Commercial television stations in the Washington area have asked the Federal Communications Commission to prohibit a new Arlington cable TV company from carrying signals of Baltimore's three network stations. The FCC is expected to rule on the matter Aug. 2.

Last summer, the regulatory agency granted Arlington Telecommunications Corp. (Artec) the right to carry the signals of Baltimore stations WMAR (channel 2, CBS), WBAL Channel 11, NBC) and WJZ (channel 13, ABC). Artec already had been granted the right to carry 12 other stations, including all Washington stations, two Richmond stations and an independent Baltimore station.

Subsequently, five local stations contended in a petition to the FCC that allowing Artec to carry the Baltimore stations would likely cause them great economic harm.

Stations seeking the ban on Baltimore broadcasts to Artec subscribers are WRC (channel 4), owned by the National Broadcasting Co.; WTTG (channel 7), an ABC affilate owned by former Washington Star publisher Joe Allbritton; WDCA (channel 20), an independent station being acquired by Taft Broadcasting Co., and WDVM (channel 9, formerly WTOP) a CBS affilaite recently purchased by Evening News Association of Detroit from the Washington Post Co.

The Washington stations charged that Artec's evidence of little potential economic harm to them is insufficient and of questionable validity.

Artec responded that the Baltimore stations already are widely available to Arlington viewers, primarily through master antennae on apartment buildings. Therefore, Artec says, making those stations available by cable should have little effect on the number of people watching the Washington stations. Artec further argued that few people in Arlington watch the Baltimore stations anyway.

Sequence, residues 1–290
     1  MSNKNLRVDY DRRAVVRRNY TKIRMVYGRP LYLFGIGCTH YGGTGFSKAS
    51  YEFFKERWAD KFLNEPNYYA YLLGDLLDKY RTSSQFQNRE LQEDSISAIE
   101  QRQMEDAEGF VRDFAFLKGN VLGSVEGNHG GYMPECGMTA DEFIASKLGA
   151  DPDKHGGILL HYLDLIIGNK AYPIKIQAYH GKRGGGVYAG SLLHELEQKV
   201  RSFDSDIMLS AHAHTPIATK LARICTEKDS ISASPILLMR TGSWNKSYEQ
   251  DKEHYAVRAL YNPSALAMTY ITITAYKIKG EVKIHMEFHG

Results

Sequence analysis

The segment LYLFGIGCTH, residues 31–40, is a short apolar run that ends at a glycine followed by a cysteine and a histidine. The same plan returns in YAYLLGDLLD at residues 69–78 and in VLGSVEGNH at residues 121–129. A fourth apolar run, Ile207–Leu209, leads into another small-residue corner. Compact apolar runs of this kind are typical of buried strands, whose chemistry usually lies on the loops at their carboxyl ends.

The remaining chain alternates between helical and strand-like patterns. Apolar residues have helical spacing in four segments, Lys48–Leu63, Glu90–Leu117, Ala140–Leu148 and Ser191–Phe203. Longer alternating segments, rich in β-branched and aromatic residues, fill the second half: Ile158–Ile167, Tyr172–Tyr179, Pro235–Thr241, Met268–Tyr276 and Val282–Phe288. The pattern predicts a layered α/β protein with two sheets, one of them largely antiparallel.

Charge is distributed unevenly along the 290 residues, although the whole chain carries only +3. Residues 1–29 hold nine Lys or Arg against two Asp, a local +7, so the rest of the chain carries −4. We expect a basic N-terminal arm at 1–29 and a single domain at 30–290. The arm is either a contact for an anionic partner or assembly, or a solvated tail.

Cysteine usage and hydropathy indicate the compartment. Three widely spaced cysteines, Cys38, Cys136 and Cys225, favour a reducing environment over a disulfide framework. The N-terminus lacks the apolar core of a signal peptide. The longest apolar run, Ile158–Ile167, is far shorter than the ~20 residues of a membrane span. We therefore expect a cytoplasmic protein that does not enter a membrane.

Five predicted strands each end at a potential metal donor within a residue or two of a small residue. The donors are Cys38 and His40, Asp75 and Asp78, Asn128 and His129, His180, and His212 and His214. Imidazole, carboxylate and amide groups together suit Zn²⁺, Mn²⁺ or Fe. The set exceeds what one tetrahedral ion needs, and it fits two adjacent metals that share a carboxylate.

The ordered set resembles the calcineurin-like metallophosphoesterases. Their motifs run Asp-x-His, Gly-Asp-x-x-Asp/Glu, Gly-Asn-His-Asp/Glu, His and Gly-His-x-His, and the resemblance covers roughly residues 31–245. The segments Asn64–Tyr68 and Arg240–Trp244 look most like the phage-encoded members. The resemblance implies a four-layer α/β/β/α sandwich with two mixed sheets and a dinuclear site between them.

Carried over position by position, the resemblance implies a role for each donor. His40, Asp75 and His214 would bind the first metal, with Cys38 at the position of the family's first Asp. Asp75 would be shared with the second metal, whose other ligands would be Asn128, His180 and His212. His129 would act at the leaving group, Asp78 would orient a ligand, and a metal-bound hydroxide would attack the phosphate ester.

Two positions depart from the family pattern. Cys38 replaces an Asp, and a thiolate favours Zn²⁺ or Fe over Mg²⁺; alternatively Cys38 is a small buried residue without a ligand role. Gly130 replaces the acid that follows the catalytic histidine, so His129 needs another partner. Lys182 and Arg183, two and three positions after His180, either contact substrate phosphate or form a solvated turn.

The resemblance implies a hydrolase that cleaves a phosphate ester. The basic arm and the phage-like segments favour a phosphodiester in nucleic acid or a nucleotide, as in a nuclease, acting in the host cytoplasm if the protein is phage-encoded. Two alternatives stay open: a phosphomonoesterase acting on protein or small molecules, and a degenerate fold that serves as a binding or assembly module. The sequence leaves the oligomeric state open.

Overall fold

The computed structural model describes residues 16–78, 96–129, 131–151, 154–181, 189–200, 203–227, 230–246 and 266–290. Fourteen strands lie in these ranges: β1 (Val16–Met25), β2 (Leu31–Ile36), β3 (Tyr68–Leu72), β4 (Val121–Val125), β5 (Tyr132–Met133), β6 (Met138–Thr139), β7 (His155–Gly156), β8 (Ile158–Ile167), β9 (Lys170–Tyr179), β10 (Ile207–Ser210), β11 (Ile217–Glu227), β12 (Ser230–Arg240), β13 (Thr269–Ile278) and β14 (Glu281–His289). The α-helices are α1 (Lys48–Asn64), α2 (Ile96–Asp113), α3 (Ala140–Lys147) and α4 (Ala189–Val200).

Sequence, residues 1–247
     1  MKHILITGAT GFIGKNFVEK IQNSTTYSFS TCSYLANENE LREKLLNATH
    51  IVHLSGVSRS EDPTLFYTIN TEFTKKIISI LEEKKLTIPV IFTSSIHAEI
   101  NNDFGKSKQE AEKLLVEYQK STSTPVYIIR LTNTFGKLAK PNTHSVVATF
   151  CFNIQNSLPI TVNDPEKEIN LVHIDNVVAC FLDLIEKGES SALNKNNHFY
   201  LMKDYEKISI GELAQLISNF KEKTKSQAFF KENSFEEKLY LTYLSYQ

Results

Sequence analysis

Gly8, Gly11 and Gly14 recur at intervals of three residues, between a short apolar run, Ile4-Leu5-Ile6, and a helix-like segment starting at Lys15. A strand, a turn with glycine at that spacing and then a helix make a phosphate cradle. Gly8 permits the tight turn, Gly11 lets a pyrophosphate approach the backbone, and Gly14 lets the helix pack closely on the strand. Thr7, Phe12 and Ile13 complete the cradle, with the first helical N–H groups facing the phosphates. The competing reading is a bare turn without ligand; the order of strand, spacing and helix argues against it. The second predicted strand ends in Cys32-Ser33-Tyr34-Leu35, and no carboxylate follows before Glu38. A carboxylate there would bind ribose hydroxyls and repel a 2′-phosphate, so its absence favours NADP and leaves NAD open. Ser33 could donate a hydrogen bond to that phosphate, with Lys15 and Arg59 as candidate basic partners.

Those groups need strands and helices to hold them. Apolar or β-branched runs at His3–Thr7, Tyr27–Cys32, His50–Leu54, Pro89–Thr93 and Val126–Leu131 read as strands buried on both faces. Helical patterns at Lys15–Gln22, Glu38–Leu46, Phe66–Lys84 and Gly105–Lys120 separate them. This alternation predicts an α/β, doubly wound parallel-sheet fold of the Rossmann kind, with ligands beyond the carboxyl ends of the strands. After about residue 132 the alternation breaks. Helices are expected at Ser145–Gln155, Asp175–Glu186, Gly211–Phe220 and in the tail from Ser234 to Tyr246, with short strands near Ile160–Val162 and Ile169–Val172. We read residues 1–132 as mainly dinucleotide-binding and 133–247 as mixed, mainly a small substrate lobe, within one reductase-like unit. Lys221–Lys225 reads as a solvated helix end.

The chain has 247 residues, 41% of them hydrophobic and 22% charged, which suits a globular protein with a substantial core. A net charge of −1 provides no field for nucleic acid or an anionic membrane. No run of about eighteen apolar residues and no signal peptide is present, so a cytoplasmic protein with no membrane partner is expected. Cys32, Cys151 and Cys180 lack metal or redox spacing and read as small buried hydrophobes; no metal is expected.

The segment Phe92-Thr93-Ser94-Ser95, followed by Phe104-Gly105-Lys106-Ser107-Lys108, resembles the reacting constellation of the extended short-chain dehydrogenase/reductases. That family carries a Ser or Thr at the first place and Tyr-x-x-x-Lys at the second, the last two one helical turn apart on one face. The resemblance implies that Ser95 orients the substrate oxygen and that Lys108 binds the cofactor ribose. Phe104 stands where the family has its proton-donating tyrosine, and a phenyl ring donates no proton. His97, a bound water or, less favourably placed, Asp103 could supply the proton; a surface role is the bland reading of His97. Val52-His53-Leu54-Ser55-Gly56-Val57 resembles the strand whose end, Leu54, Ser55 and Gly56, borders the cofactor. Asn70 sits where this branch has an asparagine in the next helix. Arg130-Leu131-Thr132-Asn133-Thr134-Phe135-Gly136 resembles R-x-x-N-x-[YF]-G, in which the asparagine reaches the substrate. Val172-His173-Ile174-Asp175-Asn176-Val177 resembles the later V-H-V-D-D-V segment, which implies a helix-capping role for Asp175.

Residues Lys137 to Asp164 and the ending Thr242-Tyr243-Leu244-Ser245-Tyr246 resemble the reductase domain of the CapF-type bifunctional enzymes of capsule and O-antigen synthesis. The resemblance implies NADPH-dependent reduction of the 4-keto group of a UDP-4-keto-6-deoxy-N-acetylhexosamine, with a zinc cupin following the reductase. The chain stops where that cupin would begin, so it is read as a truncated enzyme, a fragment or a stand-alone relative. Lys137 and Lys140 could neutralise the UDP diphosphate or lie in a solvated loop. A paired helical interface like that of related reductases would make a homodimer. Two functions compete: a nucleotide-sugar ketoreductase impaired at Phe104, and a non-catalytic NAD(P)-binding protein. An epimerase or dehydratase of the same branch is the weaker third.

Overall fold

But the Washington stations said few people watch the Baltimore stations because they get better reception of the local signals. A cable would equalize the quality of reception of signals from the two cities, the Washington stations said, resulting in a loss of viewers for them. Artec is planning the largest cable TV operation here to date, a 360-mile system aimed at up to 72,000 Arlington County homes.

FFC rules limit the number of "distant" stations that a cable TV company can offer Baltimore stations are considered distant because they are more than 35 miles from Arlington and they do not meet the test of being "significantly viewed" in Arlington.

The FCC granted Artec a waiver of its normal rules last July to allow Artec to carry the Baltimore stations as local rather than distant stations, thus allowing Artec to offer other distant stations. The FCC also then permitted Artec to classify WBFF (channel 45), an independent station in Baltimore, as a local station rather than as a distant one.

Artec said that being able to carry the Baltimore stations is essential if its proposed system is ever to be built. Artec plans to offer several experimental services with its systems, including five education channels.